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Time magazine on Wednesday named recently re-elected US President Barack Obama as its person of the year for 2012 - the second time it has accorded him the accolade.
With re-election as the first black president of the United States and a Nobel Peace Prize under his belt, Obama beat favored runners-up in the magazine poll, including Pakistani girls' rights activist Malala Yousafzai, to be enshrined again as Time's dominant personality of the year.
"We are in the midst of historic cultural and demographic changes, and Obama is both the symbol and in some ways the architect of this new America," Time Editor Rick Stengel told US television network NBC when he announced the selection on Wednesday.
The magazine praised Obama's campaigning prowess, noting he was the first president since Franklin Delano Roosevelt to win more than 50 percent of the vote in two straight elections and the first president since 1940 to be re-elected despite a jobless rate above 7.5 percent.
Obama beat Republican challenger Mitt Romney soundly in November's election to win a second term, despite presiding over a chronic economic slump.
"In 2012, he found and forged a new majority, turned weakness into opportunity and sought, amid great adversity, to create a more perfect union," said Time, which had named Obama person of the year in 2008 when he won his historic first presidential election.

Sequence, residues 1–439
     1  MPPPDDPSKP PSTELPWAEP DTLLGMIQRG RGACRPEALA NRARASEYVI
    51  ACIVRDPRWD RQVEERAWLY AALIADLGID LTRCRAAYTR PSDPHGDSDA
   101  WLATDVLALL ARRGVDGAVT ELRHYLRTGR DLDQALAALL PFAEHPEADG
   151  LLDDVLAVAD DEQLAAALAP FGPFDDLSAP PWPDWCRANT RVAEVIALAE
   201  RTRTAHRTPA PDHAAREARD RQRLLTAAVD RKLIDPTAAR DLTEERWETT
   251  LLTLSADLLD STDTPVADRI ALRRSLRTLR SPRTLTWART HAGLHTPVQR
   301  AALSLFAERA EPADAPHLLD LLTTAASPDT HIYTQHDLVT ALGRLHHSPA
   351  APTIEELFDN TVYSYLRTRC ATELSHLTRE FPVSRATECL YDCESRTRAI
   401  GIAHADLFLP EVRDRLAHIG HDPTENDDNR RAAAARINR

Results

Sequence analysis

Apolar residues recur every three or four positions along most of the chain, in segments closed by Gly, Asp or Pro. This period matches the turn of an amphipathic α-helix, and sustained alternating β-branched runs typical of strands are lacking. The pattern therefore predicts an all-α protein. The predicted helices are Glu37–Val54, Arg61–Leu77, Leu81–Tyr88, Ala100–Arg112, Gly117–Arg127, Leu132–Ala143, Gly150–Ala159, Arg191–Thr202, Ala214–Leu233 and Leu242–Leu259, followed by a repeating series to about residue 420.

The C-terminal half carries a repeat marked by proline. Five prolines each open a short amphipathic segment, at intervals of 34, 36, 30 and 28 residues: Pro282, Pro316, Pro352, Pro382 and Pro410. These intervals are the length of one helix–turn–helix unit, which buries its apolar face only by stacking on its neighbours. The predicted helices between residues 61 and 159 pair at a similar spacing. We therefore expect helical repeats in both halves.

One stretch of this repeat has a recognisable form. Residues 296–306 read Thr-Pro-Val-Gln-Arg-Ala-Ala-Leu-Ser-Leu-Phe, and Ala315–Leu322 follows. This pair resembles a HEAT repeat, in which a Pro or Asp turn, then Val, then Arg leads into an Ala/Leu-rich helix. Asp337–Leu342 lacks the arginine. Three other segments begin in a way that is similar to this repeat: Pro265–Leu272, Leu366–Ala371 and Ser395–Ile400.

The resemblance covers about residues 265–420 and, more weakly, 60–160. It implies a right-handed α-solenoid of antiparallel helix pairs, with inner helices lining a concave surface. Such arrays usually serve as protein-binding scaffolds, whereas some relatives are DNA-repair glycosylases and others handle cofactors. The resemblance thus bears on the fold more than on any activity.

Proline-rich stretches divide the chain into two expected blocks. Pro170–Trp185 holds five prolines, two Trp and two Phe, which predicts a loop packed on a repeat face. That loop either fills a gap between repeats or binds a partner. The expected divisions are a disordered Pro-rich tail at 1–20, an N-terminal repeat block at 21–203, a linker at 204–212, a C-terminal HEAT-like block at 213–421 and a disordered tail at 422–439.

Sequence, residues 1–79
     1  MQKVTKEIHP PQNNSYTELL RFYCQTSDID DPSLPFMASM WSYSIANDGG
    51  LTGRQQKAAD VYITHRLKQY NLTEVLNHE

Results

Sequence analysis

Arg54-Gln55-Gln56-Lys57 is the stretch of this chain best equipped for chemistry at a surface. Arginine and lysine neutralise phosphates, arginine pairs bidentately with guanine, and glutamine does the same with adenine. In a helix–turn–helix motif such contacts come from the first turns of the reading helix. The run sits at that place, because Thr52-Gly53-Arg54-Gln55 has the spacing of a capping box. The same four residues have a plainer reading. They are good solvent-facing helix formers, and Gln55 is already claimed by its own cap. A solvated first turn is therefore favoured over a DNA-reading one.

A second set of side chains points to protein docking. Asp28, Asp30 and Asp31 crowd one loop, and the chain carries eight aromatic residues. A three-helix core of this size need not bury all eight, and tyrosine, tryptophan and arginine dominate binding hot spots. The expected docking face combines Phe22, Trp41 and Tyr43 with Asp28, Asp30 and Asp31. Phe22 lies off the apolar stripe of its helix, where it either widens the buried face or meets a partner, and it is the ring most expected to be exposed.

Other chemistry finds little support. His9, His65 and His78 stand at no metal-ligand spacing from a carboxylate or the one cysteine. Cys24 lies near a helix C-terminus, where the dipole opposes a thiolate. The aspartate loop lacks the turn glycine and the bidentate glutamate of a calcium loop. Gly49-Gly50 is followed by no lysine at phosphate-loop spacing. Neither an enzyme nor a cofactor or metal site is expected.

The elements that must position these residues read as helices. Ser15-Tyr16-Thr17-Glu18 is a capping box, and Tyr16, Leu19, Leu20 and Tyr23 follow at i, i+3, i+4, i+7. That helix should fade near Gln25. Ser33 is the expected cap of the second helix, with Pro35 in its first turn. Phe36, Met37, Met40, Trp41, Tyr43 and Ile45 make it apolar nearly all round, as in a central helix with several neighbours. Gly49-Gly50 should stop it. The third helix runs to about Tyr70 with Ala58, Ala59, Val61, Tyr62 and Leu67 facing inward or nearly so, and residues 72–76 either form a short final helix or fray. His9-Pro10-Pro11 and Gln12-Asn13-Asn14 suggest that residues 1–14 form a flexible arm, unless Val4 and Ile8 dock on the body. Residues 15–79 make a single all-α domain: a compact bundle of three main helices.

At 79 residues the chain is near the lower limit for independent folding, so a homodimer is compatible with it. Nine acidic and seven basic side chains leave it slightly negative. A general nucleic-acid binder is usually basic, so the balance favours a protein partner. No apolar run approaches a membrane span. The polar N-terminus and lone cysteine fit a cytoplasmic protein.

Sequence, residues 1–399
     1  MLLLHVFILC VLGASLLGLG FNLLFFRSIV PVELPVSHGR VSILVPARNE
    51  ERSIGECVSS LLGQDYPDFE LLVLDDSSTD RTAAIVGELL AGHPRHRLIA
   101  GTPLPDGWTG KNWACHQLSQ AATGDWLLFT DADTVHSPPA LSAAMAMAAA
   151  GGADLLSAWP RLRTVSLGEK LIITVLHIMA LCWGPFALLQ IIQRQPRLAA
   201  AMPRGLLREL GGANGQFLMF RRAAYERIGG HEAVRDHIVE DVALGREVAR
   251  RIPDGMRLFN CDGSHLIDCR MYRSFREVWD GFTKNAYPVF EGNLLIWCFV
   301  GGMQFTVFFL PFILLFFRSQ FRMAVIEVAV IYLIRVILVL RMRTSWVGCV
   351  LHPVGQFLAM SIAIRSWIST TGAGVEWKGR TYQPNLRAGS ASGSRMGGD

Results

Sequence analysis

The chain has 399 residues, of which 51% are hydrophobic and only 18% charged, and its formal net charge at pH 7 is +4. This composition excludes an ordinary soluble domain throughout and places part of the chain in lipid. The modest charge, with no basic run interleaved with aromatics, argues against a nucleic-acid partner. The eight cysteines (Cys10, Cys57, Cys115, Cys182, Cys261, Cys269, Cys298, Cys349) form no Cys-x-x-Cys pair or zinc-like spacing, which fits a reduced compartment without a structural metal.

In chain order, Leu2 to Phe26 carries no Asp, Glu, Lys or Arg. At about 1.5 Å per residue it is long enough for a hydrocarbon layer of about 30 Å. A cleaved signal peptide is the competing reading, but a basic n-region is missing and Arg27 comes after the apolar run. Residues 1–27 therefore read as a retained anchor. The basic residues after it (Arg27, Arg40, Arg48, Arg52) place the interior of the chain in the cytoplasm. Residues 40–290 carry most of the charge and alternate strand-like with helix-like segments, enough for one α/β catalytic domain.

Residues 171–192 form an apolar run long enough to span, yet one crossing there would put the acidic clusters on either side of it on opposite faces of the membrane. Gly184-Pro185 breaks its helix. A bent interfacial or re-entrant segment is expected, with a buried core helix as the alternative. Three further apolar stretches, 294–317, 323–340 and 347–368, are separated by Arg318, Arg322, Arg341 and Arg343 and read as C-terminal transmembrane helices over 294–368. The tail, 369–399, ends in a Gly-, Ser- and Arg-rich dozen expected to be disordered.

Perhaps the most poignant alternative to Obama on Time's shortlist was Yousafzai, the 14-year-old Pakistani girl who continued to campaign for the right to education after being shot and nearly killed by the Taliban.
The other people in contention for the title were Apple CEO Tim Cook, Egypt's post-revolutionary President Mohammed Morsi and atomic physicist Fabiola Gianotti.
Person of the year, or what used to be called "man of the year", acknowledges what the magazine considers to be the world's biggest newsmaker, or influential mover.
Since the tradition started in 1927, US presidents have systematically featured, as have big names like Microsoft's Bill Gates. But more symbolic winners, such as "US scientists" in 1960, have also appeared.
Since the leader of Iran's Islamist revolution, Ayatollah Khomeini, made the cover in 1979, the magazine has tended to shy away from picks that might upset its mostly US readership. A notable absence was al-Qaida founder Osama bin Laden in the wake of the Sept 11, 2001, terror attacks.
Obama could not be a less controversial choice.
Time said he swept to the head of the pack because of his ability to grasp the demographic and social changes shifting the US.
"The truth is," Obama told Time, "that we have steadily become a more diverse and tolerant country that embraces people's differences and respects people who are not like us. That's a profoundly good thing. That's one of the strengths of the country."
Time said Obama was about "convergence of past and future" and said his second term would see him being "more assertive, more personal, more willing to risk his political capital for what he truly believes".
(China Daily 12/21/2012 page10)